In my recent Newsweek column, I described the sadness that hit me on Election Day morning when I saw angry groups gesturing angrily to each other as they waved signs for and against the California referendum on same-sex marriage. Since that column appeared, I have seen hundreds of responses to my plea for a civil discussion of the issue, some of them modeling the civility I asked for, and others from folks who continue to wave the signs in anger.
Jake from Chicago is one of the sign-wavers. On his blog he expresses his rage over the fact that Newsweek failed to print his letter criticizing me. Actually, “criticizing” is a weak description in this case. Jake uses two nouns to describe me. I won’t repeat the second one in this space, but here’s a hint: it is a compound noun beginning with “a.” The first is more printable: Jake says I am a “solipsist.”
At first I wondered how Jake knew enough about me to describe me in such specific terms. Then it occurred to me that there was a Jake that I knew in high school in New Jersey who also liked to refer to me with the “a” word. The Jake who is presently quite angry with me is from Chicago, but we all move around a lot these days. Anyway, if it is the same Jake, I take some delight in discovering that he has expanded his vocabulary. The kid I knew in New Jersey would not have been voted “Most Likely to Discover What ‘Solipsist’ Means.”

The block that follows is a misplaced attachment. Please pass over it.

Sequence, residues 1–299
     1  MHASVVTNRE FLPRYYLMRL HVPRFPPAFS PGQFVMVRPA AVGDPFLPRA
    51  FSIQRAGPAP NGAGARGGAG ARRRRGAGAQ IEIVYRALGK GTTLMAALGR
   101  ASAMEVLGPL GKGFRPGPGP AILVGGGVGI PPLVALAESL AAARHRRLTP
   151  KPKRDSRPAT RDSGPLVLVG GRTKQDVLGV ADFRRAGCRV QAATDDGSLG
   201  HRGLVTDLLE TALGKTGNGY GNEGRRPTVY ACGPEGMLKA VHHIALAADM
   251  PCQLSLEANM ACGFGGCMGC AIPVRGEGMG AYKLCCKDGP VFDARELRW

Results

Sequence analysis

For those who may not be as versed in philosophical terminology as the present Jake, a solipsist is someone who believes that he or she is the only person that exists—everyone else is a figment of the solipsist’s imagination. One of my favorite philosophical jokes was told by Bertrand Russell, who had mentioned in a BBC interview that sometimes he was tempted to endorse solipsism. A woman wrote to Russell and told him that she was pleased to hear about his attraction to that perspective. She was a convinced solipsist, she said, and was comforted to know that there might be another one around!
In his anger toward me, Jake has actually stumbled on an important social problem. As a metaphysical theory, solipsism is not very plausible. But many of us do fall into a pattern on occasion of a kind of functional solipsism. We act like we are the only ones who have genuine experiences, and we treat others as less than real persons. That was the problem I was trying to address in my column. On both sides of the current angry exchanges over same-sex marriage, there are real people with genuine hopes and fears. It would be a good beginning in working for the common good if we could at least hear each other in talking together about our concerns. The responses to my Newsweek column have convinced me even more that such a conversation is extremely difficult. I for one, however, will struggle against the temptation to retreat into a functional solipsism on the subject. And if Jake is willing to talk calmly, I will even ignore his previous use of the “a” word!